The taxable amount is also considered unearned income for purposes of the “kiddie tax.” So, depending on the recipient’s other income sources, a portion of this income may be taxed at the parent’s marginal rate. Your ORBA tax advisor can help determine whether the kiddie tax applies to your child.
Related Read: What Was Old Is New Again With the “Kiddie Tax”
Scholarships can do wonders to offset the high cost of a college education. To avoid tax surprises be sure to familiarize yourself with the tax treatment of these awards.
How closely held business owners can defer estate taxes
Depending on the size of your closely held business, estate taxes can be a significant burden when you pass ownership from one generation to the next. Fortunately, the tax code provides some relief, allowing eligible estates to defer the payment of certain estate taxes for up to 14 years. To qualify, several conditions must be met:
- The deceased must have been a U.S. citizen or resident at the time of his or her death;
- The deceased’s business must have been closely held — that is, it was either: 1) A sole proprietorship; or 2) An interest in a partnership, limited liability company or corporation that meets certain ownership requirements;
- The business must be engaged in an active trade or business (as opposed to holding passive investments); and
- The value of the deceased’s interest in the business must be more than 35% of his or her adjusted gross estate.
If your estate qualifies, the executor may elect to defer the portion of estate tax that is attributable to the closely held business interest for up to 14 years. The estate pays interest only for four years and then pays ten annual installments of principal and interest.
Alternative IRA investments: Handle with care
Most people use their IRAs to hold stocks, bonds and mutual funds. But some people opt to place their IRA funds in alternative investments — such as real estate, closely held business interests, precious metals or cryptocurrencies — in an effort to boost their returns. To do so, your IRA custodian must permit such investments, or you must open a “self-directed” IRA.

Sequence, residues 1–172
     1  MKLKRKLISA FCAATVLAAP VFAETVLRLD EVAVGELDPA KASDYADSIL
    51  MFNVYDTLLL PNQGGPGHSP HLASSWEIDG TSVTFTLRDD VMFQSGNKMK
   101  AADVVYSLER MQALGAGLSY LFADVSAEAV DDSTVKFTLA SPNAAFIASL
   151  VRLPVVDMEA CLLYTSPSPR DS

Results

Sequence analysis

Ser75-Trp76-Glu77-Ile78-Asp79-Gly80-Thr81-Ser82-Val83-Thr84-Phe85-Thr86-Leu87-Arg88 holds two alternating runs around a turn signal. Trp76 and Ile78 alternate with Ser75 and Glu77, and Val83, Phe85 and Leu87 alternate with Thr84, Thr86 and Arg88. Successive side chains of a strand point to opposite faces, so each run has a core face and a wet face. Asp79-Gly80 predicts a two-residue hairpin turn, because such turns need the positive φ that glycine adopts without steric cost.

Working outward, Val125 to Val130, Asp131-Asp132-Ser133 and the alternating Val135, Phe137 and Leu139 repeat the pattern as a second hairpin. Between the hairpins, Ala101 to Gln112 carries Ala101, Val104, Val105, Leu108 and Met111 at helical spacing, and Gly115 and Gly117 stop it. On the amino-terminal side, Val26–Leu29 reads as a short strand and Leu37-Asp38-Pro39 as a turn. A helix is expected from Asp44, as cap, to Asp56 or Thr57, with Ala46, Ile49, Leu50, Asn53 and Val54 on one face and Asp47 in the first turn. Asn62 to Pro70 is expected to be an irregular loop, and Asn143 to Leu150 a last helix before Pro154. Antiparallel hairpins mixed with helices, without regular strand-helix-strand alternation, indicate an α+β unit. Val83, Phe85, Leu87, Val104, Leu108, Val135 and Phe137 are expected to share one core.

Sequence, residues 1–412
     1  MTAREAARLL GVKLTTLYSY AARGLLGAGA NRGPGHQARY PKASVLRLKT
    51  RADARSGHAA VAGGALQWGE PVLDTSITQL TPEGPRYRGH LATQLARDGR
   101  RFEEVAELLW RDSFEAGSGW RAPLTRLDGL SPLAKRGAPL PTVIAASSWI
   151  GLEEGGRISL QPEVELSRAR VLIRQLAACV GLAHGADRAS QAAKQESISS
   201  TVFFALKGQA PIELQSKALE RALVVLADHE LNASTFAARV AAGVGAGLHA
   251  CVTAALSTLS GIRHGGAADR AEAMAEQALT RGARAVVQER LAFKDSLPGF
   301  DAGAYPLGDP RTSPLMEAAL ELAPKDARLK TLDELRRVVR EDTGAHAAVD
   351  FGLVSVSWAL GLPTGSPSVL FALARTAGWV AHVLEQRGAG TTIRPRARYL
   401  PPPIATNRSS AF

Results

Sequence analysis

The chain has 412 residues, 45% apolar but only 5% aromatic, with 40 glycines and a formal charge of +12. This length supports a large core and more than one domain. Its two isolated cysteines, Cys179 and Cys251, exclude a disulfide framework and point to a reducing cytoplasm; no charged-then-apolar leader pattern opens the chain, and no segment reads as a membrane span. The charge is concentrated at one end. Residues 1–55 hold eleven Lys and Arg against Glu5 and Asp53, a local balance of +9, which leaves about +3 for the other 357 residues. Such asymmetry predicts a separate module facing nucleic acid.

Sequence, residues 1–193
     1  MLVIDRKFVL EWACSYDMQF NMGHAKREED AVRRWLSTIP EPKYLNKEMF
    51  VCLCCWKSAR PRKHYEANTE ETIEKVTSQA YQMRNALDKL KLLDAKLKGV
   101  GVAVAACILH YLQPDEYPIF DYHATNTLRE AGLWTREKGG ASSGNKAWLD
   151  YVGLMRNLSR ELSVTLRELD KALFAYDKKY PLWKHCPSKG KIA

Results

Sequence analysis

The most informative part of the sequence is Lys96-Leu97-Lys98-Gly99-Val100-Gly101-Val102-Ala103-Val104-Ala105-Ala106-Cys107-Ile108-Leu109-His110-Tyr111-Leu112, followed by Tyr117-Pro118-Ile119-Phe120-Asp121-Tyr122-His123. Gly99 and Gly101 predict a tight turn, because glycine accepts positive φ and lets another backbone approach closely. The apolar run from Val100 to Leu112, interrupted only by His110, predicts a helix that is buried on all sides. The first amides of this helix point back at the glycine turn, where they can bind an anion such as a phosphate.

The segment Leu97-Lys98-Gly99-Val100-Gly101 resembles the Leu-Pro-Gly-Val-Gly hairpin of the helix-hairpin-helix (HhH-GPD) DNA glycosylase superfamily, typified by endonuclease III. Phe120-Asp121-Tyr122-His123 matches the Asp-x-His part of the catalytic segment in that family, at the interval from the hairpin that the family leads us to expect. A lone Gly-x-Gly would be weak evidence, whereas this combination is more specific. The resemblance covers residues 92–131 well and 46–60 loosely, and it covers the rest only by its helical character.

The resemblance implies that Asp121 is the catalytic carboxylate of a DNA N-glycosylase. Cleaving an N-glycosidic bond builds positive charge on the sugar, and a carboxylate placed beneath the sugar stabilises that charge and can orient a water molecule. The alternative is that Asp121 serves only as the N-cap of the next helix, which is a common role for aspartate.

Alternative investments can be risky, so consult your ORBA tax advisor to avoid potential tax traps. For example, if the IRS concludes that an IRA investment involves self-dealing or prohibited transactions with related persons or entities, you may immediately be subject to taxes and penalties on your entire account balance.
In a recent case, the Tax Court held that a couple was not permitted to invest IRA assets in gold and silver coins stored in a safe in their home. Because they had complete, unfettered control over the coins and were free to use them in any way they chose, the value of the coins was treated as a taxable distribution.
Increased annual gift tax exclusion for 2022
For the first time in several years, the IRS has raised the annual gift tax exclusion, from $15,000 to $16,000 per recipient, effective January 1, 2022. If you regularly make annual exclusion gifts to children or grandchildren or contribute to trusts or college savings plans for their benefit, consider increasing the amounts of those gifts.